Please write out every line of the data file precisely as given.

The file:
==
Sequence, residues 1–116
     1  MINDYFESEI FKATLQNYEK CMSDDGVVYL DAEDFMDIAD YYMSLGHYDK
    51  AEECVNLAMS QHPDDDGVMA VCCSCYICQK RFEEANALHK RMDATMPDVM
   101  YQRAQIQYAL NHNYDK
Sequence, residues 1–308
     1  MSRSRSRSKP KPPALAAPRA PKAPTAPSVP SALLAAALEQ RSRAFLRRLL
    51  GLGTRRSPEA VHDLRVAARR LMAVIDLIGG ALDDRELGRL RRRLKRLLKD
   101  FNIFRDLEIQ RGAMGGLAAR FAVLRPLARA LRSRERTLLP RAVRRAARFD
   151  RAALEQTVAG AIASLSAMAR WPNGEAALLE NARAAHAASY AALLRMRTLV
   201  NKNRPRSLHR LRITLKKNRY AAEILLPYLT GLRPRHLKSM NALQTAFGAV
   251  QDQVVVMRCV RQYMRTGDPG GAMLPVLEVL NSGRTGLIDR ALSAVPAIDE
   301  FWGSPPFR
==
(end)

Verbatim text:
Sequence, residues 1–116
     1  MINDYFESEI FKATLQNYEK CMSDDGVVYL DAEDFMDIAD YYMSLGHYDK
    51  AEECVNLAMS QHPDDDGVMA VCCSCYICQK RFEEANALHK RMDATMPDVM
   101  YQRAQIQYAL NHNYDK
Sequence, residues 1–308
     1  MSRSRSRSKP KPPALAAPRA PKAPTAPSVP SALLAAALEQ RSRAFLRRLL
    51  GLGTRRSPEA VHDLRVAARR LMAVIDLIGG ALDDRELGRL RRRLKRLLKD
   101  FNIFRDLEIQ RGAMGGLAAR FAVLRPLARA LRSRERTLLP RAVRRAARFD
   151  RAALEQTVAG AIASLSAMAR WPNGEAALLE NARAAHAASY AALLRMRTLV
   201  NKNRPRSLHR LRITLKKNRY AAEILLPYLT GLRPRHLKSM NALQTAFGAV
   251  QDQVVVMRCV RQYMRTGDPG GAMLPVLEVL NSGRTGLIDR ALSAVPAIDE
   301  FWGSPPFR